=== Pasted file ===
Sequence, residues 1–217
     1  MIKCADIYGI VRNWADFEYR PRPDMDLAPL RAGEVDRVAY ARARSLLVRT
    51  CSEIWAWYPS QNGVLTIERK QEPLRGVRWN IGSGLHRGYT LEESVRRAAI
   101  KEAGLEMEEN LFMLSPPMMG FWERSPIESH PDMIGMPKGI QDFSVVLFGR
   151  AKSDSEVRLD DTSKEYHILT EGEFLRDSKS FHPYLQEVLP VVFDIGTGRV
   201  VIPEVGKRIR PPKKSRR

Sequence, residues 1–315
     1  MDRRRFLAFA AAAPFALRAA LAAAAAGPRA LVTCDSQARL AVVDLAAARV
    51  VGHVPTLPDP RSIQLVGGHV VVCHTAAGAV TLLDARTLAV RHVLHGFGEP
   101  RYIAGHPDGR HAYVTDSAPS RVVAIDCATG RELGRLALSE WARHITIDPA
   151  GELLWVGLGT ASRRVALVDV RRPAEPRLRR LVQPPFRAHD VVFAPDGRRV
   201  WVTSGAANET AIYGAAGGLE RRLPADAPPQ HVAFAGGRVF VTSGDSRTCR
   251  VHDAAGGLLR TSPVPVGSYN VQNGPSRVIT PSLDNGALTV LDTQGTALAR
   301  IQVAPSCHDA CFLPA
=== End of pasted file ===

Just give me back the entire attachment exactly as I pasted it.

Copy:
Sequence, residues 1–217
     1  MIKCADIYGI VRNWADFEYR PRPDMDLAPL RAGEVDRVAY ARARSLLVRT
    51  CSEIWAWYPS QNGVLTIERK QEPLRGVRWN IGSGLHRGYT LEESVRRAAI
   101  KEAGLEMEEN LFMLSPPMMG FWERSPIESH PDMIGMPKGI QDFSVVLFGR
   151  AKSDSEVRLD DTSKEYHILT EGEFLRDSKS FHPYLQEVLP VVFDIGTGRV
   201  VIPEVGKRIR PPKKSRR

Sequence, residues 1–315
     1  MDRRRFLAFA AAAPFALRAA LAAAAAGPRA LVTCDSQARL AVVDLAAARV
    51  VGHVPTLPDP RSIQLVGGHV VVCHTAAGAV TLLDARTLAV RHVLHGFGEP
   101  RYIAGHPDGR HAYVTDSAPS RVVAIDCATG RELGRLALSE WARHITIDPA
   151  GELLWVGLGT ASRRVALVDV RRPAEPRLRR LVQPPFRAHD VVFAPDGRRV
   201  WVTSGAANET AIYGAAGGLE RRLPADAPPQ HVAFAGGRVF VTSGDSRTCR
   251  VHDAAGGLLR TSPVPVGSYN VQNGPSRVIT PSLDNGALTV LDTQGTALAR
   301  IQVAPSCHDA CFLPA